This section aims to show that according to Hebrews the Church is in a relation of eschatological fulfilment to Israel of the Old Testament.
1. The Hebrews are like and unlike Israel
That there is a close connection between the recipients of the letter and “historic Israel” is apparent from the very start of the letter. 1:1 describes the recipients of previous revelation as “our fathers” and the remainder of the introductory paragraph continues to draw a parallel between this revelation and the revelation given to the recipients of the letter through the Son (1:1-4). In one sense this sets the tone for the rest of the letter; the recipients are like Israel in the sense that they have received a gospel proclamation (4:2), and response to this word can either bring salvation or terrible judgment (2:1-4, 10:28-29, 12:25). Hence the Hebrews are compared to the recipients of the Exodus deliverance in 2:14-15, to Israel in the wilderness in chapters 3-4, and the promises and warnings given to Israel in Psalm 95 and Jeremiah 31 are applied directly to them. In fact, a similarity to Israel is implicit throughout, as evidenced by the frequent quotation from the Old Testament.
However, the warning and judgment passages noted above are more than simply a ‘since them, then also us’ argument. The Hebrews are like Israel but also unlike them. This ‘unlikeness’ is based on the finality and climactic nature of the word spoken to them through the Son. Accordingly, the salvation and judgment offered in the Son is both comparable to, and yet at the same time greater than, that experienced by Israel (1:2-4, 2:1-3, 10:28-29, 11:39-40). Secondly, it can be clearly demonstrated that this connection to Israel is conceived as being in and through the recipients’ connection to Christ, whose relation to the old covenant itself receives a great deal of attention throughout the letter.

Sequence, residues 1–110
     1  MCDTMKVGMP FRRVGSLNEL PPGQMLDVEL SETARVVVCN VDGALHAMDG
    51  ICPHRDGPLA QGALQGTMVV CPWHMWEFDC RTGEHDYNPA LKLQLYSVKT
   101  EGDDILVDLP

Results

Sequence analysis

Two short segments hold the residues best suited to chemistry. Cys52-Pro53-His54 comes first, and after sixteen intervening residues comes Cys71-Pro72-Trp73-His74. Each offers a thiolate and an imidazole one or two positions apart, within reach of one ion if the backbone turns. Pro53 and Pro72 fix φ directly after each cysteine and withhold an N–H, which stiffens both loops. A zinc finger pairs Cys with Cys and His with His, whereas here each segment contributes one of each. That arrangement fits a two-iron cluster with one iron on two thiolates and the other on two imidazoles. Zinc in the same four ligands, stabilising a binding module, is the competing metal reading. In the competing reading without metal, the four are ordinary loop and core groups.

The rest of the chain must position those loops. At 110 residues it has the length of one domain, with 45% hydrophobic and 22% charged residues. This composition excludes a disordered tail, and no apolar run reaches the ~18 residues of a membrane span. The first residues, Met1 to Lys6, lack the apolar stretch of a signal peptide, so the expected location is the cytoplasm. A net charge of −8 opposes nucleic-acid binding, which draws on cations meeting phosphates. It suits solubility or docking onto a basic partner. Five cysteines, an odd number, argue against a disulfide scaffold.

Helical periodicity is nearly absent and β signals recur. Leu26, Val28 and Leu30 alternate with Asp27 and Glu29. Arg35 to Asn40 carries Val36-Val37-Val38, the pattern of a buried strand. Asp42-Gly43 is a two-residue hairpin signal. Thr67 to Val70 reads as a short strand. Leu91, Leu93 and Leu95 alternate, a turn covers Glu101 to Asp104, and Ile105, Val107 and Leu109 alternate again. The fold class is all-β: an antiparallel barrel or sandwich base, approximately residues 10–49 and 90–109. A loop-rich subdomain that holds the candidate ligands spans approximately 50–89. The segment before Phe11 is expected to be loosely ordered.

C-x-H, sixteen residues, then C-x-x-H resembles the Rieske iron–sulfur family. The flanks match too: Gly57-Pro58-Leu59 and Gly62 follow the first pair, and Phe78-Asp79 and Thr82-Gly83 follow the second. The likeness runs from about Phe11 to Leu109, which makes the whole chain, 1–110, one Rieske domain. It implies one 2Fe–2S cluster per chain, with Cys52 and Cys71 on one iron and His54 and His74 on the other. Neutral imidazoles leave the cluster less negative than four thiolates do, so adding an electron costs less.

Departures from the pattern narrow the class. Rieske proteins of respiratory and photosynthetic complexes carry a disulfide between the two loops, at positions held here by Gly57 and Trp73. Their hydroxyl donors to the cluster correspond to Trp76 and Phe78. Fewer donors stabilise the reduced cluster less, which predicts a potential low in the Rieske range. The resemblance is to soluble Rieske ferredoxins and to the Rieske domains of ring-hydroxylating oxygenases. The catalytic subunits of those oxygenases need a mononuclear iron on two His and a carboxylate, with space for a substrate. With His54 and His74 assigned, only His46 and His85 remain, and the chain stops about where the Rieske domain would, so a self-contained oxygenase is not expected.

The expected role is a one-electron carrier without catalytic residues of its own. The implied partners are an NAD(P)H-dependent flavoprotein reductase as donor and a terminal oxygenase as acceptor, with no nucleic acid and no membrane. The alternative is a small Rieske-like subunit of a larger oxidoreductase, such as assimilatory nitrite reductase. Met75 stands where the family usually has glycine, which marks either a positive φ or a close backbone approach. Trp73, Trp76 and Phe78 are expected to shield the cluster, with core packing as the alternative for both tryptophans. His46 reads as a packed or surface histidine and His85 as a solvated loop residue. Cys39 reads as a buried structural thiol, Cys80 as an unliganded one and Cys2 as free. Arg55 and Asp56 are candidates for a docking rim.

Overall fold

See e.g. Giles, Church, 159.
 Giles uses this expression. Giles, Church, 159.
 At various points we will use the term ‘the Hebrews’ to designate the recipients of the letter.
 Giles, Church, 153-154.
 Giles, Church, 152-153 highlights this.
 This does not mean they are less than such an argument, nor that they aren’t framed so as to read as such. Rather, we are asserting that there is more to be said than might appear at face value.
 This is a facet of the broader theme of the continuity and discontinuity between the covenants. See e.g. Ellingworth, Hebrews, 68-69.
 E.g. 1:1-2. Guthrie describes this as revelatory climax. Guthrie, Hebrews, 45.
 This understanding of Hebrews has been influenced by Charles Anderson, Lectures on Hebrews, October-December 2007.
 This is almost so all-pervasive as to not require confirmation by naming specific texts (we could cite the whole epistle in this regard). However, passages that specifically speak of Christ and the old covenant include 7:22-8:7; 9:15-26; 10:1-18.